…which do convey the brutality of the practice, for the education of those who think of slavery as well-cared for servants happily picking cotton in the fields. Slavery is not a rational analogue to gun ownership. Those scars are what slavery was. Representing bloody bodies of children as the reality of gun rights is not illuminating, it is a distortion.

The Times essay is nothing better than another unethical tactic in the current effort to inflame public emotion and warp the policy-making process for the benefit of the anti-Second Amendment forces.

13 thoughts on “Update On The Uvalde Massacre Extension Of The Sandy Hook Ethics Train Wreck, Part 5: The “Good Public Policy Comes From Creating Emotional Hysteria” Theory

  1. Jack, I think your comments regarding shooting photos vs photos of aborted fetuses are very appropriate. I wish you…someone…ANYONE…could be given opportunity to ask that question of someone like Time or Newsweek or CNN. I wish someone…ANYONE…outside of a conservative news source would have the ethics and courage to ask.

  2. Waiting for answers:
    1. 18 yr old shooter living with grandparents reportedly had no driver’s license. What ID did he use to buy the guns?
    2. He was “reportedly” working min wage jobs. Where did he come up with the thousands necessary to buy 2 AR-15 (type) rifles, a pistol, expensive ammo, extra magazines, a tactical vest?
    3. Where did he learn/who trained him to fire the weapons?
    When will these questions be addressed and by whom?

    • 1. It might depend some on the state, but driver’s license isn’t the only valid ID. Hunting license, fishing license, voter registration, lease paperwork, utility bill, phone bill…those are some potential valid forms of ID.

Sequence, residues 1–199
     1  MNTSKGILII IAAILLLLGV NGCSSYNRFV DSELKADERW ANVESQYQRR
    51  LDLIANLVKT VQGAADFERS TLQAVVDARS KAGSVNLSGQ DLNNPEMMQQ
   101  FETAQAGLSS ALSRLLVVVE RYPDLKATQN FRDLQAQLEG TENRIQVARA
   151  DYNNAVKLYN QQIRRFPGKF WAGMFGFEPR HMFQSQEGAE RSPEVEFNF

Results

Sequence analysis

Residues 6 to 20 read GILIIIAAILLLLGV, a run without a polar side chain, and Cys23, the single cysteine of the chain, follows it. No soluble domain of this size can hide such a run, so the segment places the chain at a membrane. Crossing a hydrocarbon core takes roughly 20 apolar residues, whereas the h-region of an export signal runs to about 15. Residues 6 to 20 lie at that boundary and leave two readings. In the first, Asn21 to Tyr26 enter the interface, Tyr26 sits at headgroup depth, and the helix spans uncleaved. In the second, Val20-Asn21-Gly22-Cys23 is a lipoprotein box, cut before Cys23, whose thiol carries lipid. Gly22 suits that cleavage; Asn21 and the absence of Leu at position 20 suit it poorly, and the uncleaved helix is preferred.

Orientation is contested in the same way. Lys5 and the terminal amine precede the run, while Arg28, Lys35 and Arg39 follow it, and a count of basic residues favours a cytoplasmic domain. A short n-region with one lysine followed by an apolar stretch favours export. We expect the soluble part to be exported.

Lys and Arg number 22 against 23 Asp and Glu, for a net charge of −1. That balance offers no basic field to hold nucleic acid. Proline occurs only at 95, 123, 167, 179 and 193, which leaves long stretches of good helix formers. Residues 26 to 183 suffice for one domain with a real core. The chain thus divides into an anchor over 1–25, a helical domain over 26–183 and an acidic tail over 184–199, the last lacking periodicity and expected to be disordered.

2. It doesn’t really matter since he was of legal age with no criminal record.
      3. He could have taught himself, had friends teach him, gone to a local range and received assistance, taken a class, watched videos on YouTube,…

  3. I’ll be happy when the news media get tired of being in “all gun control propaganda all the time” mode, and get back to actually reporting the news. I’m sure it will be any week now.

  4. Let’s get something correct in the debate about regulation of firearms. Heller, often cited, does NOT preclude regulation. In fact, Justice Scalia’s (certainly not a left-wing progressive, rather a proponent of originalism) opinion suggests the contrary. Toward the end of the Heller opinion, he states “the problem of handgun violence in this country” is real and the government has “a variety of tools for combating that problem, including some measures regulating handguns.” The Constitutional requirement of Heller is that the government may not disarm citizens in their homes. Justice Scalia recognized regulations of several types as presumptively lawful: “ conditions and qualifications on the commercial sale of arms,” bans on carrying weapons in “sensitive places,” and he noted the “historical tradition of prohibiting the carrying of ‘dangerous and unusual weapons.’” See (for example) the FDR era laws that restricted guns presumed to be the type used in mob violence. I do not like to see or hear the emotional “arguments” for doing away with the the Second Amendment; and I dislike just as much the arguments claiming the Supreme Court has definitively ruled that there cannot be restrictions. (The second argument is used by advocates from both sides…those proposing restrictions arguing that the Supreme Court ruling is the reason the Second Amendment must be repealed; and those claiming that there can be no regulation of gun rights. As my wife would say: Hooey).